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On the History of Film Style pdf online

Reinventing Hollywood: How 1940s Filmmakers Changed Movie Storytelling

Film Art: An Introduction

Christopher Nolan: A Labyrinth of Linkages pdf online

Pandora’s Digital Box: Films, Files, and the Future of Movies pdf online

Planet Hong Kong, second edition pdf online

The Way Hollywood Tells It pdf online

Poetics of Cinema pdf online

Figures Traced In Light

Ozu and the Poetics of Cinema pdf online

Exporting Entertainment: America in the World Film Market 1907–1934 pdf online

Video

Hou Hsiao-hsien: A new video lecture!

CinemaScope: The Modern Miracle You See Without Glasses

How Motion Pictures Became the Movies

Constructive editing in Pickpocket: A video essay

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Lessons with Bazin: Six Paths to a Poetics Oct.2018

A Celestial Cinémathèque? or, Film Archives and Me: A Semi-Personal History

Shklovsky and His “Monument to a Scientific Error”

Murder Culture: Adventures in 1940s Suspense

The Viewer’s Share: Models of Mind in Explaining Film

Common Sense + Film Theory = Common-Sense Film Theory?

Mad Detective: Doubling Down

The Classical Hollywood Cinema Twenty-Five Years Along

Nordisk and the Tableau Aesthetic

William Cameron Menzies: One Forceful, Impressive Idea

Another Shaw Production: Anamorphic Adventures in Hong Kong

Paolo Gioli’s Vertical Cinema

(Re)Discovering Charles Dekeukeleire

Doing Film History

The Hook: Scene Transitions in Classical Cinema

Anatomy of the Action Picture

Hearing Voices

Preface, Croatian edition, On the History of Film Style

Slavoj Žižek: Say Anything

Film and the Historical Return

Studying Cinema

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Tracking down Aardman creatures

Friday | January 18, 2008   open printable version open printable version

cracking-contraptions.jpg

Cracking Contraptions: The Tellyscope

Kristin here—

David and I are currently plugging away on revising our Film History textbook. In setting out to update the section on Aardman animation, I ran into difficulties pinning down the dates of certain television series or the director of a given short film. Indeed, I was quite surprised at the dearth of complete chronologies or filmographies for such a famous and important company.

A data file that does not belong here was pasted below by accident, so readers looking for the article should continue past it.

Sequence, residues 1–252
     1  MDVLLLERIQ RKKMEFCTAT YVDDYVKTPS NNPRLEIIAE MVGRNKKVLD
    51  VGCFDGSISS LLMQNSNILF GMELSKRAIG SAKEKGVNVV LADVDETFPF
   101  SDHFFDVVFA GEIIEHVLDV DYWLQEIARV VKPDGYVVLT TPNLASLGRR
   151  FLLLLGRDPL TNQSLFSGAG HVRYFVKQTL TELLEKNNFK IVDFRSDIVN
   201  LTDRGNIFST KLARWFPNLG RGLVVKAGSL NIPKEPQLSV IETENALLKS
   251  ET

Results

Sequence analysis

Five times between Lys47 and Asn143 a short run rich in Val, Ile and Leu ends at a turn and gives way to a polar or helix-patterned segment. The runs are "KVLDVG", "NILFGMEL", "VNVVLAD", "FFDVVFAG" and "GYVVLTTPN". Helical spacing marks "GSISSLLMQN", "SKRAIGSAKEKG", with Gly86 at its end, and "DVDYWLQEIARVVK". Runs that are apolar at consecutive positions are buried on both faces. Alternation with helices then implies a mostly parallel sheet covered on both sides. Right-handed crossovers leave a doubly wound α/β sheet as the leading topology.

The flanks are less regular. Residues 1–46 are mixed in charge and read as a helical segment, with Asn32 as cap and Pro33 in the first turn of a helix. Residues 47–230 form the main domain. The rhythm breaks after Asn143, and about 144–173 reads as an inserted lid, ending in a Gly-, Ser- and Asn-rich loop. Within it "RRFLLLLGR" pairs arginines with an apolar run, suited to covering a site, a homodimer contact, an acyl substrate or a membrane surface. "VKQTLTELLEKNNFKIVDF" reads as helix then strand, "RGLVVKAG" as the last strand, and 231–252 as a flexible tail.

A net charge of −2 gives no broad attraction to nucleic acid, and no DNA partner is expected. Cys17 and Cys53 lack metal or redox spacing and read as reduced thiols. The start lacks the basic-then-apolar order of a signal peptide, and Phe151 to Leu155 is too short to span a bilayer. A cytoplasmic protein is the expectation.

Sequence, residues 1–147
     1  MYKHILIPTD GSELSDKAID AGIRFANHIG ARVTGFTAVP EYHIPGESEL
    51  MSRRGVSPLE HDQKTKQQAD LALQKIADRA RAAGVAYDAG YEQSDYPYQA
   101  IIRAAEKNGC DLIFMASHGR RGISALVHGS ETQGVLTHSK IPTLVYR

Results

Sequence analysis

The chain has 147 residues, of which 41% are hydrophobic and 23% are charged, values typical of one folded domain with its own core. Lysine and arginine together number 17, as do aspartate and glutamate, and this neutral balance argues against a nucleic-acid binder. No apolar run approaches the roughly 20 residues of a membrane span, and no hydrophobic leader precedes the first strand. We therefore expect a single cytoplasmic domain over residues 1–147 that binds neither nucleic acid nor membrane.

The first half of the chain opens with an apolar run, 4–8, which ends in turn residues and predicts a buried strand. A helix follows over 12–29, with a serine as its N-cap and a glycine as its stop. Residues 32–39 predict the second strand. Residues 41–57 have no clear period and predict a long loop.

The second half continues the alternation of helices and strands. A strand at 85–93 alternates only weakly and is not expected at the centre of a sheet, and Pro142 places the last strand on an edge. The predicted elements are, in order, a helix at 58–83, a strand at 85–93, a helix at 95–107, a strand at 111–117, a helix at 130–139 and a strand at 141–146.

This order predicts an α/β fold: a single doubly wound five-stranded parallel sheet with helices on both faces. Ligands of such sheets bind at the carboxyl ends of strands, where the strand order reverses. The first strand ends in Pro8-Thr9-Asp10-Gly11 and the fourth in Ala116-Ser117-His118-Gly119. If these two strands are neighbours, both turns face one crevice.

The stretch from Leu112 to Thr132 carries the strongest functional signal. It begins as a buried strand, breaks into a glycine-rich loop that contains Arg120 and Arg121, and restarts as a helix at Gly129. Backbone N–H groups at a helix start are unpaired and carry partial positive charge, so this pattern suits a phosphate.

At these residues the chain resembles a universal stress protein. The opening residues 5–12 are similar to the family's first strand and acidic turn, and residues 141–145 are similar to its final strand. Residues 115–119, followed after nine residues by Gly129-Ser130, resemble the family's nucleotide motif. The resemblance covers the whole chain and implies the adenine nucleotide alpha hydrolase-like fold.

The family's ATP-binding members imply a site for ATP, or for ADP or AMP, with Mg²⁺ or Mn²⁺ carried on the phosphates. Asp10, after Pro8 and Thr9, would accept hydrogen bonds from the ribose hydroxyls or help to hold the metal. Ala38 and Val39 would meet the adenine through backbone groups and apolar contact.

The obvious sources such as Wikipedia and the Internet Movie Data Base, are helpful but sketchy. Aardman’s own “History” section on its official website is even briefer–and ends in 2005. The filmography in Peter Lord and Brian Sibley’s coffee-table book, Creating 3-D Animation (p. 189), is far from complete. (I must confess that I’m still using the first edition, but even so the filmography is sketchy for the period it covered. The revised edition came out in 2004.) Each source was, however, incomplete in different ways. I decided to try and compile as comprehensive a chronology/filmography as I could as a research and reference tool. This turned out to be a considerable task. Given how little of this work will end up in the textbook, I decided that I might as well offer it to the world.

I expected to find one or more fan-originated sites that would provide additional information, as so often happens in the world of popular culture. The main “unofficial” site that came up when I Googled Aardman is actually an online shop with scarcely any actual information.

What follows is not by any means complete. It’s more like a rough draft for a filmography, though it’s more detailed than any that I have found so far. No doubt it has gaps and perhaps inaccuracies. One problem I encountered is that dates given in various filmographies seem to waver between when a film was made, when it was copyrighted, and when it was released to theaters or first shown in TV. I’ve tried to stick to release/broadcast dates when I could find them.

Aardman has produced many ephemeral animations for station-identification logos, credit sequences, and websites, as well as perhaps hundreds of commercials. I’ve made no attempt to include commercials, apart from the Heat Electric series, which are available on DVD. The following primarily includes television shorts and series, as well as films.